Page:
“If you’ve never laid back on a blanket at nighttime and gazed up at the stars, you’re really missing out on something very special,” said Chemin-a-Haut State Park manager Russ Brantley of the Stargazing events being held at the park.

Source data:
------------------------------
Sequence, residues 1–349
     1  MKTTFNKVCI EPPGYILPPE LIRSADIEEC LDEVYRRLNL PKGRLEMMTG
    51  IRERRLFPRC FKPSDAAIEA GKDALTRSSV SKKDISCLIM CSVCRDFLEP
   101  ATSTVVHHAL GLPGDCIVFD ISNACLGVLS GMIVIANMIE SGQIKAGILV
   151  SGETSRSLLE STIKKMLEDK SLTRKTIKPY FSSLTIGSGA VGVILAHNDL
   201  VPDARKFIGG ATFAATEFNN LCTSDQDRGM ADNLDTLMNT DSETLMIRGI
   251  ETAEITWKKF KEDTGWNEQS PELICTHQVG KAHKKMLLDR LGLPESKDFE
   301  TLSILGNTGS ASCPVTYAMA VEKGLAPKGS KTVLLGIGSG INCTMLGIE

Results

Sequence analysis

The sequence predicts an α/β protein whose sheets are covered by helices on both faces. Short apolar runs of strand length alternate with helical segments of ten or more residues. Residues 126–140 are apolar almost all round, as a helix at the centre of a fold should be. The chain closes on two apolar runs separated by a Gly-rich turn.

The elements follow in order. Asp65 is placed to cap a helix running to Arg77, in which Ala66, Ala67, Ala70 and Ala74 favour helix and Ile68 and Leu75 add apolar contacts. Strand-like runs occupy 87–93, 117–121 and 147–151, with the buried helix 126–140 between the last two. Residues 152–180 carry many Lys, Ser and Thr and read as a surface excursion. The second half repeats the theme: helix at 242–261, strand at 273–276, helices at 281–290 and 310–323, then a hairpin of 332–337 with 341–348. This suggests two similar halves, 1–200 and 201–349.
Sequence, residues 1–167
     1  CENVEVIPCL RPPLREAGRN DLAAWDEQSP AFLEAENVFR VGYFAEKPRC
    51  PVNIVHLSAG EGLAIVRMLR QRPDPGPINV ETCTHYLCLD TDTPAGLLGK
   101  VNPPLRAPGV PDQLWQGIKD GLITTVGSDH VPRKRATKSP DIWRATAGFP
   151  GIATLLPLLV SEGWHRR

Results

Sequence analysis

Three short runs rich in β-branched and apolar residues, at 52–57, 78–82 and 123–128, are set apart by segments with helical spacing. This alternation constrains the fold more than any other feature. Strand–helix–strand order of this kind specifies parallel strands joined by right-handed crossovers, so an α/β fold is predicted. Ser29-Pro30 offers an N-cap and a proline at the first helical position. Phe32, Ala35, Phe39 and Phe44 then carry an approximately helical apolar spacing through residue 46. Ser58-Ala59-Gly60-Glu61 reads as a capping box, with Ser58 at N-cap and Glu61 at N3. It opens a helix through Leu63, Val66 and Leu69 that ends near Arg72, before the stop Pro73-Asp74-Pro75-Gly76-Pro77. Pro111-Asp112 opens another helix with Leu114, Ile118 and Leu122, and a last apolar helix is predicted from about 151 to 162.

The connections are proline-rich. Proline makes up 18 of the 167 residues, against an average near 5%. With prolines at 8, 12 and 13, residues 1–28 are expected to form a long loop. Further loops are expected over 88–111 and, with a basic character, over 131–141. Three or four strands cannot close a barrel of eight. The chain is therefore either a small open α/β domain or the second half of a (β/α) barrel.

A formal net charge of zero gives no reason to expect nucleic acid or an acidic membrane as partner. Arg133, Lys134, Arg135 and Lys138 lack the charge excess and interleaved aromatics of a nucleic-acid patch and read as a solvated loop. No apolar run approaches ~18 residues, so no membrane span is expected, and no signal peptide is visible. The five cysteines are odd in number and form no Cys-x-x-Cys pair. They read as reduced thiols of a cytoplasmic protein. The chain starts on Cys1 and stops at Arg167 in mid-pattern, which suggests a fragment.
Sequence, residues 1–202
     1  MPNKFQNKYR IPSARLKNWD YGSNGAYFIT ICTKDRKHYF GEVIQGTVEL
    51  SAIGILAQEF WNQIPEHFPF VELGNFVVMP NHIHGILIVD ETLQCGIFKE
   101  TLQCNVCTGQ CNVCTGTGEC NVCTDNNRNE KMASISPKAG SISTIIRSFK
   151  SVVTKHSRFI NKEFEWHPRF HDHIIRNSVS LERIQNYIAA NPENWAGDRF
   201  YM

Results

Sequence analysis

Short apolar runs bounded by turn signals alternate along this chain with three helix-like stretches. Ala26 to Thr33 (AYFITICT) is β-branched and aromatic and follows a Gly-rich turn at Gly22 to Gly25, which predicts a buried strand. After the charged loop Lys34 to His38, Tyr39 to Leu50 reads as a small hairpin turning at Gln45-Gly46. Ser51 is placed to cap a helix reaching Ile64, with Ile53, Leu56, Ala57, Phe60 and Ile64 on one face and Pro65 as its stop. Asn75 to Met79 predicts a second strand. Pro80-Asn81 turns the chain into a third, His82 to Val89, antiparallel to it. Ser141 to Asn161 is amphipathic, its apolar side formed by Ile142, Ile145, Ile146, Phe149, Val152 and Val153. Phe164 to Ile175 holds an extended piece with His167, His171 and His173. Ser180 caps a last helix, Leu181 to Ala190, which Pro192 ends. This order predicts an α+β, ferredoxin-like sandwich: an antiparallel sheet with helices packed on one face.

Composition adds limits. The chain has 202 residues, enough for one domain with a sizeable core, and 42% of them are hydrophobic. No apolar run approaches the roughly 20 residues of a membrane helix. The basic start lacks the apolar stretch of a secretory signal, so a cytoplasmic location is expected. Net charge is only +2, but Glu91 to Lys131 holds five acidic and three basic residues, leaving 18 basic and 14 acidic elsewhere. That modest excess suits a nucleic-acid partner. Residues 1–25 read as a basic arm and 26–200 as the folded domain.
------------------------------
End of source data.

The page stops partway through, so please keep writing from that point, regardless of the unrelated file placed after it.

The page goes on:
“If you’ve never laid back on a blanket at nighttime and gazed up at the stars, you’re really missing out on something very special,” said Chemin-a-Haut State Park manager Russ Brantley of the Stargazing events being held at the park. On the night of Oct. 20, around 40 patrons turned out at the park to witness the Orionid Meteor Shower. Brantley, with the help of local “amateur astronomer” Kay Singer, selected a different night during the months of October, November and December to be Stargazing events at the park. Singer has been watching the stars and studying them since 1999. She and her husband, Jerry, were always looking for places to stargaze. She said they weren’t having much luck because several factors must be in place for a “successful viewing.” Singer studies star charts and websites to conclude the best times of the month to stargaze. Once she knows when she is going, she must decide where she is going. One night in April, her and Jerry rode out to country to a back road in Collinston, during a time that should have been a prime for viewing the stars, but, unfortunately, ended uneventful. “A sheriff’s deputy pulled us over,” she said. “After they questioned us and realized what we were doing, they became interested in it also.” Singer said another time, her and Jerry rented a cabin at Chemin-a-Haut State Park. She said the experience was “wonderful” because it was away from the city and there was no “light pollution.” “It was the perfect place to stargaze,” she said. Singer said because “there’s not many ideal areas to stargaze around here,” she called Brantley at the park and asked if her and Jerry could come out and watch the meteor showers, without having to reserve a cabin. “That’s when Russ said this sounded like a really neat thing the whole community could get involved in,” she said. “I picked out the nights that would be the best for viewing and we began planning.” Brantley said the patrons last month ranged from children to seniors. He said there were many families, as well as many couples. “One couple was in their 80s,” he said. “They pulled their truck up close and laid in the back of it to view the stars. I could tell they really enjoyed themselves.” The evening began at 7 p.m. with a meet and greet at the amphitheater. Singer passed out star charts and explained to everyone how to read them. Afterwards, everyone spread out blankets throughout the ball field and laid back to watch the night sky. “Most everyone placed their blankets away from the others, giving each family a little bit of privacy to enjoy the stars together. The field is big enough so that everyone had space,” Brantley said. Brantley said everyone there was welcome to walk up to the telescope that Singer had set up and take turns looking in it for a closer view. Four of Jupiter’s moons, Io, Europa, Ganymede and Callisto, are currently visible with the aid of a telescope. During last months Stargazing at the park, patrons noted seeing 17 meteors between 9 and 10 p.m. A meteor shower is a spike in the number of meteors or shooting stars that streak through the sky, according to StarDate. Most meteor showers are spawned by comets. As a comet orbits the Sun, it sheds an icy, dusty debris stream along its orbit. If earth travels through this steam, a meteor shower will be visible. This Saturday, Stargazers at the park will be viewing the Leonid Meteor Shower. It is associated with the periodic comet Tempel-Tuttle, first discovered in 1865, according to Space.com. Singer said this Saturday will be ideal for viewing the stars. All three of the Stargazing events at the park are scheduled right after new moons which causes the skies to be “more visible.” She added that the fall season is the best time of year to stargaze. The night temperature is not as cold as it would be during winter months, but cold enough for mosquitos to be absent. Brantley said everyone is encouraged to wear coats and bring blankets to lay on and keep warm with. Viewers can also bring coffee, hot chocolate and snacks. Singer said they plan to have a bon fire also for everyone to keep warm and enjoy. Personal telescopes are also allowed. The Chemin-a-Haut Stargazing event will begin at 7 p.m. at the park’s amphitheater. A park employee will be at the gate to allow stargazers in and out. Entrance into the park is $1. For more information, call 283.0812.